SAGE Journal Articles

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SAGE Journal User Guide

Article 1:

Simmons, C. A., Lindsey, L., Delaney, M. J., Whalley, A., & Beck, J. G. (2014). Real-World Barriers to Assessing and Treating Mental Health Problems With IPV Survivors A Qualitative Study. Journal of interpersonal violence, 0886260514552275.


Barriers to assessing and treating mental health problems with intimate partner violence (IPV) survivors were identified with qualitative responses from 62 IPV helping professionals who participated in an online survey question. Data were analyzed using a concept mapping approach, which resulted in following eight distinct clusters: (a) unsure, (b) limited IPV specific resources, (c) barriers to access, (d) systems-taboos, (e) immediate crisis needs, (f) fear-stigma, (g) offender’s control and (h) cultural concerns. The opinions expressed in these clusters help to better explain logistic, relational, and intrapersonal obstacles that can limit women IPV survivors’ ability to receive care for mental health conditions. Extending previous quantitative work by the authors (Simmons, Whalley, & Beck, 2014), the current portion of this project generates new ways of looking at barriers to service delivery, which can be used to develop theory and guide further research.

Questions to Consider:

  1. Discuss which barriers to assessment and treatment were most pertinent and interesting to you.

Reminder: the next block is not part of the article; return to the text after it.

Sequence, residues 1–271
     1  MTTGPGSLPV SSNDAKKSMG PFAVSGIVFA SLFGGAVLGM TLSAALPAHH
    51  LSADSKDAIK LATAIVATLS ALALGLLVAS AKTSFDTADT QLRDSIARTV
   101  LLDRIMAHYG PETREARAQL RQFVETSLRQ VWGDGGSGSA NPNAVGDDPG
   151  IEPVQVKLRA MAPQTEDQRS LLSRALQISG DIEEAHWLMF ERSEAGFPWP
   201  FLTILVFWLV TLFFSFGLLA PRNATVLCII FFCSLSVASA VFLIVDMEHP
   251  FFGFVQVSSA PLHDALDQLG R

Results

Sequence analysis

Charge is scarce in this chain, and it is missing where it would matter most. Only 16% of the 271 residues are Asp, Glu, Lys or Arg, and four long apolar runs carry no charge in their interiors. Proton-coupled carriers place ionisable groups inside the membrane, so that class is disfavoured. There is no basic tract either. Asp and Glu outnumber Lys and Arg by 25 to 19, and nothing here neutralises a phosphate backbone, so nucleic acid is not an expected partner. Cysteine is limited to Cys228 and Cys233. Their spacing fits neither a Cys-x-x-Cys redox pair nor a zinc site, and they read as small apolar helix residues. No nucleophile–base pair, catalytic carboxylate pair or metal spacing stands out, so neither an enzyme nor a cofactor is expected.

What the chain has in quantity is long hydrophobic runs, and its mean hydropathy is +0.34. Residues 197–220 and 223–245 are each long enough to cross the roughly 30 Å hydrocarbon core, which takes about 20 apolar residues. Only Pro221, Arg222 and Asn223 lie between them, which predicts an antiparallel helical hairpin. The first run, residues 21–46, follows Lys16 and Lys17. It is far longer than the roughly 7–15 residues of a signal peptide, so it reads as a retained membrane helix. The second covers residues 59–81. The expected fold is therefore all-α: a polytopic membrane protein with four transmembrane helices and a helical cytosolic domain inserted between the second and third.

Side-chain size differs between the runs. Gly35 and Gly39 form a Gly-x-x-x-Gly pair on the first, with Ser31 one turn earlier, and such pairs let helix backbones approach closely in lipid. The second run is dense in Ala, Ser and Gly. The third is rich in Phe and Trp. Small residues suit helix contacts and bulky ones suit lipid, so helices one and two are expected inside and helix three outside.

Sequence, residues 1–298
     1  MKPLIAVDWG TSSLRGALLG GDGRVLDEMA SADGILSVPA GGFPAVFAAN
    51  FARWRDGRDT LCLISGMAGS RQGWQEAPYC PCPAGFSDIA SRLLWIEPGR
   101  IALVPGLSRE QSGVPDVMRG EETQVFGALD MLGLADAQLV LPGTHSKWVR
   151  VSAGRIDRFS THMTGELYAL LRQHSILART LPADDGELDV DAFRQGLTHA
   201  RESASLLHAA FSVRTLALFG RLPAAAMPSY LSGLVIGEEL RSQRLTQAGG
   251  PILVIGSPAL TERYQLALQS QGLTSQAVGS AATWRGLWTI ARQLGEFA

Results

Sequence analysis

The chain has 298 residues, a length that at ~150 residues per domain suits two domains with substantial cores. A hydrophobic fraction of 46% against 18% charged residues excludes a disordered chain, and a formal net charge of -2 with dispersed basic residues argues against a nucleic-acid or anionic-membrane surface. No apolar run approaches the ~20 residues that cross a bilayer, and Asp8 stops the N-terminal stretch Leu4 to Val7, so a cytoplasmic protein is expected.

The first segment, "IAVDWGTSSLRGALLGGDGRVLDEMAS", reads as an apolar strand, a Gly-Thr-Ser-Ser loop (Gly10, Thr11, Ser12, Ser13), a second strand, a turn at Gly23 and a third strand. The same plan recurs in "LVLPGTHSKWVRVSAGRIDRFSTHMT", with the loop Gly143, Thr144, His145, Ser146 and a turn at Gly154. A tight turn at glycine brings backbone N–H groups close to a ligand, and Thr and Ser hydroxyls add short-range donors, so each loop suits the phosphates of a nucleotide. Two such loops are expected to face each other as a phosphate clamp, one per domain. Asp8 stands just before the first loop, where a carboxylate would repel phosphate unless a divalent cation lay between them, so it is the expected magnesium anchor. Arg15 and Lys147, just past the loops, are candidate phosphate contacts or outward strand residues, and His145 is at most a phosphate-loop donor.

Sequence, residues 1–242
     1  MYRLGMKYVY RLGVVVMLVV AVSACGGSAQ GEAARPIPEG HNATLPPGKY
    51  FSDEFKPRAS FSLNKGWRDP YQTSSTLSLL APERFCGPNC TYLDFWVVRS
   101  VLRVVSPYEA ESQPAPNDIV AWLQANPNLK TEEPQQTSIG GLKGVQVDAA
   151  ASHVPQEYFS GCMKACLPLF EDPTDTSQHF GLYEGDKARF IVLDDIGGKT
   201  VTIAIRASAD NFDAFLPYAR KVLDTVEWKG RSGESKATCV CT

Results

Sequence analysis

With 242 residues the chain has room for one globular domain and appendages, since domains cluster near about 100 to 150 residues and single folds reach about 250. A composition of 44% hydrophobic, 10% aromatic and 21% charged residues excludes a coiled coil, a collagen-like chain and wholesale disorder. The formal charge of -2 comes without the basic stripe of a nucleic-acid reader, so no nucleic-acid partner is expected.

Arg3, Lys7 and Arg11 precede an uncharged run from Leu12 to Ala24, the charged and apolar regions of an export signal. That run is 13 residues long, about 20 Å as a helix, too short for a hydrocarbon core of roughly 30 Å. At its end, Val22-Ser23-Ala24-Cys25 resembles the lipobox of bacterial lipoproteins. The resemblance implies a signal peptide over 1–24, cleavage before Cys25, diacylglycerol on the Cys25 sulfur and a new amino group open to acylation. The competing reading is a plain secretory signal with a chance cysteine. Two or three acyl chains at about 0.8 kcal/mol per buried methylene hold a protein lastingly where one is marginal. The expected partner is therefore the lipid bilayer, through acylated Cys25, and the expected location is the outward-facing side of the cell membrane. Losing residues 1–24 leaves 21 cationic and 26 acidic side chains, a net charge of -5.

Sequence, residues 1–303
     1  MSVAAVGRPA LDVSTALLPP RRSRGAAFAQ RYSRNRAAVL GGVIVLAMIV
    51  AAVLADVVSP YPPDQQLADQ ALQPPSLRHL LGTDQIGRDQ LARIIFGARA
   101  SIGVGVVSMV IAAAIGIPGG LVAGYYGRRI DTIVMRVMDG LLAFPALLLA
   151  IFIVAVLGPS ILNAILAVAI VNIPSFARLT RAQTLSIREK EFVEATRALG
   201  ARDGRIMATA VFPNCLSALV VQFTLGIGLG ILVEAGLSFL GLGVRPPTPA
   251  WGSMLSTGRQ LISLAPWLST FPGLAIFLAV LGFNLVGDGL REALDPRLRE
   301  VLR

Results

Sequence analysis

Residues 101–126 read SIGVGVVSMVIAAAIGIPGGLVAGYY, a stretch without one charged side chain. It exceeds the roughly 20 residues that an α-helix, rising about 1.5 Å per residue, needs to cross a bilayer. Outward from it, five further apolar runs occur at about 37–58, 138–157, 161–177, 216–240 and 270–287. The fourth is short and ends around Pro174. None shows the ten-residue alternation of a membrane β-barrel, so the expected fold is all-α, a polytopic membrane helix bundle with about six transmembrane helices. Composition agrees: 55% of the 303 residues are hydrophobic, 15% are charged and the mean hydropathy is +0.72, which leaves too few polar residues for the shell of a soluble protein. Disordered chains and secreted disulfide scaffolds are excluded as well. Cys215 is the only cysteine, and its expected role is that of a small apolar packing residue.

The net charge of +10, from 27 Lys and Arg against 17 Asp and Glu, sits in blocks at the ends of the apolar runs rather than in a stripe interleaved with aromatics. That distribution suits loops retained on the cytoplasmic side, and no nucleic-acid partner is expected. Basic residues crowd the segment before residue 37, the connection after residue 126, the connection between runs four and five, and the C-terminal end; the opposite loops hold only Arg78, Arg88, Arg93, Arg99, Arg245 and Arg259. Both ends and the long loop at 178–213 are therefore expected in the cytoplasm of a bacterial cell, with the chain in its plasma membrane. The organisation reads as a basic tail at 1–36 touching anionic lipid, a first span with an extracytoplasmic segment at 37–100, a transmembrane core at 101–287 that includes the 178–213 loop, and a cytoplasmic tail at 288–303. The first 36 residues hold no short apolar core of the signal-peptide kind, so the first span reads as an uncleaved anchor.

2. How do cultural and societal factors impact the existence and intensity of these barriers?
  3. What do you believe is a counseling professional’s role in combating these barriers?

Article 2:

Cavanaugh, M. M., Solomon, P., & Gelles, R. J. (2011). The Dialectical Psychoeducational Workshop (DPEW): The conceptual framework and curriculum for a preventative intervention for males at risk for IPVViolence against women, 1077801211414266.


Current programs aimed at reducing intimate partner violence (IPV) have demonstrated little effect on at-risk males, who may potentially engage in acts of IPV. Dialectical behavior therapy (DBT) provides the conceptual and empirical foundation for the dialectical psychoeducational workshop (DPEW). The DPEW offers a targeted preventative intervention for individuals potentially at risk for IPV. This article offers the rationale and theoretical basis for a specialized preventative approach to IPV and delineates a brief psychoeducational program that may stimulate further research and provide an alternate preventative intervention strategy in an area in need of innovative programs.

Questions to Consider:

  1. Which aspects of Dialectical Behavior Therapy make it particularly effective in this preventative approach?
  2. What do you consider a prime advantage to a brief psychoeducational intervention?
  3. Discuss the importance of utilizing cross-discipline findings and empirical validation to create sound and effective interventions for male at risk of IPV.